From the first hug with his protégé Henry Knox, the tears started to flow. These were aides and commanders, many of whom had been with him from the beginning of the war. Many had risen from volunteer to general through their own ability and General Washington’s guidance.  All of them knew how critical General Washington had been to America. 

What they did not know, of course – what even the General himself did not know – was that his service was not in fact at an end.  America had no head of state at the time (the president under the Articles of Confederation was more a Speaker of the House than a head of state), so there was no such post for anyone to imagine George Washington accepting for his next role.  While we know that a 1787 Constitutional Convention would call him back from retirement to preside, and we know that a new government would result that would call him to eight more years of service from 1789 through 1797, none of that could be foreseen at the time. 

The General truly meant to retire all along, and so he did.  He and his loyal wife Martha, who had stayed with him in those miserable winter quarters every year through the war, were finally packing up their household and heading back to Mount Vernon, intending to be home for good, by the new year.   

There were more dinners to follow, including a huge one at Annapolis before his formal resignation to congress. There were parades along the Washingtons’ return route, as a grateful nation thanked him for the service that, truly, nobody else on earth could possibly have accomplished. 

But this dinner at Fraunces Tavern is the one we remember.  The juxtaposition of departing Redcoats and retiring Colonists, the touching farewells of tough military men who had stood strong in battle after battle, the beautiful moment of freedom in a city finally released from occupation… it’s a powerful image, and a reminder of what our Founding Fathers worked for, so long and so hard, over two centuries ago. 

The American War of Independence was the culmination of the Scottish Enlightenment, the delivery of a promise of liberty that required a new world in which to take root.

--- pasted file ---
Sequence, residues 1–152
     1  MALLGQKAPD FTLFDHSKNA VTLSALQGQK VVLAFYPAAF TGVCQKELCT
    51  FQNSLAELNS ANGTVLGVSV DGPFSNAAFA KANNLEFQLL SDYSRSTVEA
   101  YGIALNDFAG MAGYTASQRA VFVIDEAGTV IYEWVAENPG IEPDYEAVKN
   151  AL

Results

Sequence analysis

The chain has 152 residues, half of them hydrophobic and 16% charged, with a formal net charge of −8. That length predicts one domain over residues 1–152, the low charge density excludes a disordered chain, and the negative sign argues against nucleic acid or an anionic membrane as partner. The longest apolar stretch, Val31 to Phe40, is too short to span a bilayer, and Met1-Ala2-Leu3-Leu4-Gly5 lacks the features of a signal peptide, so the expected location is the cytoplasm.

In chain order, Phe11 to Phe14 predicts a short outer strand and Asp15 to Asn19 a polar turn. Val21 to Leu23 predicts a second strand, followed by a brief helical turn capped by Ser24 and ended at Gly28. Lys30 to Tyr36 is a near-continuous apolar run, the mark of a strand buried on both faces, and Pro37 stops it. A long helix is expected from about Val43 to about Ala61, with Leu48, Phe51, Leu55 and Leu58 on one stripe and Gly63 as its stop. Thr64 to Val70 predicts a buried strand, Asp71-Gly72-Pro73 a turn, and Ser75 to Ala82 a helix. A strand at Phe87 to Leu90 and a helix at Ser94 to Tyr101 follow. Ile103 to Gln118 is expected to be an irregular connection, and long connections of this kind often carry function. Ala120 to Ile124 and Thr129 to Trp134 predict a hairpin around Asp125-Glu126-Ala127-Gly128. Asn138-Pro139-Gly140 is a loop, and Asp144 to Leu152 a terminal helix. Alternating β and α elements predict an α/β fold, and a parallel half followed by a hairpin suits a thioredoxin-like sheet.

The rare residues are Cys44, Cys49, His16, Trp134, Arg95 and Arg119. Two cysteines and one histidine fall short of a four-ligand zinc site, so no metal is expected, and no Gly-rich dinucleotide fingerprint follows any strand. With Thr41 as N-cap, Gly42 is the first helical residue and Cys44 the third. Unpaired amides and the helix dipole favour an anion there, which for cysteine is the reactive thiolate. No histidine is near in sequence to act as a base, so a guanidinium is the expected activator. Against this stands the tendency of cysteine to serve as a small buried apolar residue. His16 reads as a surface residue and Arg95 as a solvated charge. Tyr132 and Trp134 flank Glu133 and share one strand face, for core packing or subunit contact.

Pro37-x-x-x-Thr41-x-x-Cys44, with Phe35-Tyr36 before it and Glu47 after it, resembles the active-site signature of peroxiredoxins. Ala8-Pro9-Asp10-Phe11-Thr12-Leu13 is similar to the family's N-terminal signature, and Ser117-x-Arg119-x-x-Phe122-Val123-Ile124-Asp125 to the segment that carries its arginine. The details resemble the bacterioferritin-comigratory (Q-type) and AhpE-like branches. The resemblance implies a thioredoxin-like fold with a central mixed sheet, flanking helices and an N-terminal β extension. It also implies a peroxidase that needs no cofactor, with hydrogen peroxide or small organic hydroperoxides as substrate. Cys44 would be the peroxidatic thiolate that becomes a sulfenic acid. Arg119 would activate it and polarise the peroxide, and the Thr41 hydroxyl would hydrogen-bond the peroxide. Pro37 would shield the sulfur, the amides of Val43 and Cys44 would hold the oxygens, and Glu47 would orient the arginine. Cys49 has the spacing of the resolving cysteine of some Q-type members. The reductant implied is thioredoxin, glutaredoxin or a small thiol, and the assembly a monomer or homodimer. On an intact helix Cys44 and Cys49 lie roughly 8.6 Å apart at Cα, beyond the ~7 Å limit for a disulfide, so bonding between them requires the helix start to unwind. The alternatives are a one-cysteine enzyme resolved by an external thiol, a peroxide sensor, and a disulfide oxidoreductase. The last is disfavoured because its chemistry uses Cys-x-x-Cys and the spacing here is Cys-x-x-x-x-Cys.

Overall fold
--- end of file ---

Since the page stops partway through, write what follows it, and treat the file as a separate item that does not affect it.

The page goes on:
The United States were to be the pinnacle of Western Civilization, setting the highest standards of any nation in history, and electing statesmen committed to the highest principles. 

And George Washington, businessman and commander, was first among them, not only in government service, but in retirement as well.  There was no finer private citizen than this man of wisdom, courage, and honor. 

Copyright 2020 John F. Di Leo  

John F. Di Leo is a Chicagoland-based transportation professional, writer and actor.   A former county chairman of the Milwaukee County Republican Party, his columns have been found in Illinois Review since 2009.  As an actor, he will next be seen on stage this weekend, in the world premiere of Eileen Mitchell’s new comedy, “Pillow Fight,” in an online-only 3:00pm CST matinee hosted by Barrington’s White House. 

Don’t miss an article! Use the free tool in the margin to sign up for Illinois Review’s free email notification service, so you always know when Illinois Review publishes new content! 

Photo:  Shown is the 1866 commemoration of the dinner at Fraunces Tavern, "Washington's Farewell to His Officers" by Alonzo Chappel.

Subscribe

- Never miss a story with notifications

- Gain full access to our premium content

- Browse free from up to 5 devices at once

Latest stories

2 COMMENTS

  1. George Washington was a remarkable leader. He not only defeated the colossal Britain but essentially founded the Presidency.The appelation “Father of the country” is truly appropriate Yet always wondered if he truly found peace and contentment after his incredible achievements. Do old generals live peacefully long after the young soldiers they led died in battle or suffered horrendous wounds? It should be noted that Washington did support his estate by distilling whiskey during his relatively brief retirement after his public service.